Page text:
National Farm Safety and Health Week

The third week of September has been known as National Farm Safety and Health week since 1944, thanks to Franklin D. Roosevelt. This week is devoted to educating agricultural producers nationwide on safe farming and ranching best practices, with the theme for 2013 being “Working Together for Safety in Agriculture”.

We should take this opportunity to remind ourselves of the importance of agricultural workers and their need for safe facilities and working conditions. This also reminds us of the need for emergency response programs within our operations.

During harvest season especially, all of us at Long Vue Farms take the safety & health of everyone who works with us very serious. Even though this is a busy and stressful time for farming communities, it is crucial that agricultural workers take time to assess their environment and make any changes in their routines and on their equipment and farms that could help prevent injuries and save lives. We’d like to provide you with 10 safety tips, specifically when dealing with Farming Machinery Safety and Child Safety on Farms, that we feel are worth remembering:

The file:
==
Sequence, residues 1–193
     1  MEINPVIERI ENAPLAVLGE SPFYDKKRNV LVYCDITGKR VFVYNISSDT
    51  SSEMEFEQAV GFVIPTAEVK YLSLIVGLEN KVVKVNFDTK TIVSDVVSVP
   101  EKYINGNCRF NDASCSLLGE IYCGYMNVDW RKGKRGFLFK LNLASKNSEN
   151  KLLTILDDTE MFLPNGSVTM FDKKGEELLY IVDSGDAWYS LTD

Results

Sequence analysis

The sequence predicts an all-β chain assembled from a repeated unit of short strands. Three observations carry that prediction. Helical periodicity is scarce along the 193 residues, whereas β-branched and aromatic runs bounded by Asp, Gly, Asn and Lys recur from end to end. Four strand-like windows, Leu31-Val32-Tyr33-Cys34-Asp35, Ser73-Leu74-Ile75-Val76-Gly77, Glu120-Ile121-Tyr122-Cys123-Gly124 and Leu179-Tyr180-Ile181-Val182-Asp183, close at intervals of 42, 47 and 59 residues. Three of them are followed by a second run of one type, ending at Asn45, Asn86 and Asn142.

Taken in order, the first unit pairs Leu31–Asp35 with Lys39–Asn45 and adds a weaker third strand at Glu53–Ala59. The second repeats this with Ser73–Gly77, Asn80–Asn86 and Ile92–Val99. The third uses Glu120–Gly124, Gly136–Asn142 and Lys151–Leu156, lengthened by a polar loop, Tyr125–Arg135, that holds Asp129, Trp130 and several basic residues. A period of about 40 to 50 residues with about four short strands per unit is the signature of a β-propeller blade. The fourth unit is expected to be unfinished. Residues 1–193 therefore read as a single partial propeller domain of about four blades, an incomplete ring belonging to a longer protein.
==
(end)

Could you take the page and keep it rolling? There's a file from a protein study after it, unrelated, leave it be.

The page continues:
• Read, and keep easily accessible, all owner’s manuals.
  • Always wear your seatbelt.
  • Keep a first-aid kit and fire extinguisher on all Machinery and service vehicles.
  • Always check for bystanders, especially children, before starting or moving equipment. We have implemented a policy of honking the horn before starting any heavy equipment to warn bystanders.
  • When working in grain bins, always work in pairs.


  • Some areas should be off limits to kids; grain bins, silos, manure lagoons, pesticide storage areas and even roadways where there is frequent equipment travel.
  • Invest in safety signs for your farm driveway that remind drivers there may be children nearby.
  • Children should not be allowed to play in or ride on grain trucks, wagons or bins. Children can suffocate in grain, and it takes only 34 seconds for a child to be completely submerged in flowing grain.
  • Keep all chemicals and poisons in a locked storage area away from where children play.

These tips and best practices are meant to keep everyone safe that works or lives on your farm or ranch. While this particular week is designated as National Farm Safety and Health Week, we hope you will adopt these, as well as, other safe farming and ranching practices year round.

For more information on National Farm Safety and Health Week, please visit the website for the National Education Center for Agricultural Safety. Some safety tips were provided from the Kentucky Department of Agriculture.